To dwellers in a wood, almost every species of tree has its own voice as well as its feature.
~Thomas Hardy

On July 29, 2016, it is National Gnarly Day, a term which seems to have accrued several meanings:  (1) of course, the natural knotty protuberance on a tree; (2) something that goes beyond radical, distasteful or extreme; and/or (3) something that meets perfection, skill or the ideal. Perhaps, “gnarly” is an admix of three nuances, who knows?  I certainly do not, but adore, am provoked and intrigued, how the word and day can transmute depending upon usages, verbal and otherwise.  As a neophyte language aficionado, “gnarly is sort of down my alley…and sometimes even gives pause.  No, no, not down the condiments aisle where Johnny first uttered “ketchup” in order to be posted on social media — not a true experience shared quietly, almost in a whisper with knowing smiles, between parents after hours.

So you know, National Gnarly Day happens to fall on the last Friday of each July. Here is something that fits the bill, but also has the green hues and sapidity that avocados bestow. Happy National Gnarly Day Eve !

SCRAMBLED EGGS + SLICED AVOCADOS

2 T extra virgin olive oil
2-3 T unsalted butter
3 T cream cheese
6 fresh, free range or pastured eggs
1 T heavy whipping cream or crème fraîche
1/8 T sea salt
1/4 T freshly ground pepper

Pinch of white pepper
Pinch of cayenne pepper
Larger pinch of herbes de provence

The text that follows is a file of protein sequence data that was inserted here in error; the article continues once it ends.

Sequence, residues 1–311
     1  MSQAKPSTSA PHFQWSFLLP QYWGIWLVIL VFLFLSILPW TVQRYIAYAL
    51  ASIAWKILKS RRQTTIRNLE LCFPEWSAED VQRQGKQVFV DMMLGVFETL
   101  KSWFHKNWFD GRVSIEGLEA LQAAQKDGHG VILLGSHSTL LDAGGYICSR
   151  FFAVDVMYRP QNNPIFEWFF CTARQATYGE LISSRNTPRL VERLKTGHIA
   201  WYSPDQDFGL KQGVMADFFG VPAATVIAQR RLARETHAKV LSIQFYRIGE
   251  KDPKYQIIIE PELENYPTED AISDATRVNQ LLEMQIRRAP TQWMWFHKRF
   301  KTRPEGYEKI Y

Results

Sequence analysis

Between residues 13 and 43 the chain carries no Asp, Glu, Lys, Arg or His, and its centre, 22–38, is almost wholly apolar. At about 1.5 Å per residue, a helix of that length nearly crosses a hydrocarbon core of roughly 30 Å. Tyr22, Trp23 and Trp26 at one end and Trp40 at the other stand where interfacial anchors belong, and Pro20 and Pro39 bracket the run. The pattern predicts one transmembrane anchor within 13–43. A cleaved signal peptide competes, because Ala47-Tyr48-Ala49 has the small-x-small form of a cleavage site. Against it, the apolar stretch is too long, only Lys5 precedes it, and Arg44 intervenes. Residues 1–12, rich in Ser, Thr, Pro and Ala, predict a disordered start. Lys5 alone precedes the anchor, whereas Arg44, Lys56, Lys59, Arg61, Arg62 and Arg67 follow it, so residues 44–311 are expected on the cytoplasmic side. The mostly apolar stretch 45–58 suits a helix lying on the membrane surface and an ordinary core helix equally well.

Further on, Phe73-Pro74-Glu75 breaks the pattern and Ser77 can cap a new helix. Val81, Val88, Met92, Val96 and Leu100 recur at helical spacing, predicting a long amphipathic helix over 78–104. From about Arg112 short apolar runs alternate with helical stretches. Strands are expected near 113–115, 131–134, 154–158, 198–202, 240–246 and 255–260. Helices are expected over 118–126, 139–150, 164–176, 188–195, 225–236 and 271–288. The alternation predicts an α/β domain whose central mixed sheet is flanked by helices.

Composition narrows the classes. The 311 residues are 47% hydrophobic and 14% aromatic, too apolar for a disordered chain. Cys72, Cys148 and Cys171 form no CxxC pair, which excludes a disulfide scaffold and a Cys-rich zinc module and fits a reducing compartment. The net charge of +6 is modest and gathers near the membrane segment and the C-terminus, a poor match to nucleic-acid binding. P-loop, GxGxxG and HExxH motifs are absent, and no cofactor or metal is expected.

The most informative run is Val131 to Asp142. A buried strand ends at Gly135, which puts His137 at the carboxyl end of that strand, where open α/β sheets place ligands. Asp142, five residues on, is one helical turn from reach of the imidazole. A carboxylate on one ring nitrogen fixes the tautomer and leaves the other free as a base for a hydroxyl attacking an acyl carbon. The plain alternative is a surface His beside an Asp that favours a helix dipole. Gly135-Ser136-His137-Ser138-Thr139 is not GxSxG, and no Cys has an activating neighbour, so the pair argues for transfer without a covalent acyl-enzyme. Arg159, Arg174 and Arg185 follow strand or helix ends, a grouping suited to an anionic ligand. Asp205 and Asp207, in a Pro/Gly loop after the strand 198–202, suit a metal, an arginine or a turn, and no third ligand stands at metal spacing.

1-2 avocados, sliced lengthwise & then halved

Melt the oil, butter and cream cheese in a heavy nonstick skillet.

Combine the eggs, salt, pepper, cayenne pepper, white pepper, herbes de provence and a dollop of cream and crème fraîche in a glass bowl and whisk briskly.

Pour into the skillet, with the heat on low. With a wooden spatula, gently stir the egg mixture, lifting it up and over from the bottom as it thickens. Stir away from the sides and bottom of the pan toward the middle. Continue to stir until the desired texture, a mass of soft curds, will be achieved.  In a quiet, gnarly fashion.

Slice and add the avocado slices and again cook slowly.

The eggs thicken, dry out and toughen very quickly toward the end, so if you like them soft, fluffy and moist, remove them from the heat a little before they reach the desired texture — please do not forget that the eggs will continue to cook after being removed from both the stove top and the pan (like many foodstuffs, including green beans, asparagus, broccoli, and most meats, etc).

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The fear of death follows from the fear of life.  A man who lives fully is prepared to die at anytime.
~Mark Twain

Just seems there should be little demand to visit venues in Santa Barbara or even Southern Cal, as a whole, where the in crowds frequent. You know, where people say “like” repetitively and thoughtlessly as if the word is a linguistic filler.

So many glorious campsites with scenery that is flat breathtaking, serenely overlooking the Big Blue where the plethora of marine mammals exist — pastoral stuff. There is a campus of radiantly hued tents, and above that are the parked RV’s usually hooked to electricity inlets/outlets (none of which can be seen from the cloth huts).

Almost each foggy or overcast morning, before she departed to the “glamping” joint across the way, we crawled out of our tent and after morning ablutions, promptly began the fire and heating the tortillas so the meal completo could be packed inside. Donned in aprons (I likely looked absurd) we grilled each tortilla feast on state-provided, round, grated, dug-in, barbeque pits after just barely scrambling the eggs and cooking the meat aside ever so assiduously on a pan. Rosemary sprigs from nearby plants were plucked and dropped into the fire when ready. Then, there were exquisite avocados plucked by friends from close sprawling ranches and, of course, tomatillo sauce, salsa verde, salsa rojo, queso fresco, crema, cilantro, radishes and rekindling the goods...with several cups of joe. Our grub for the day.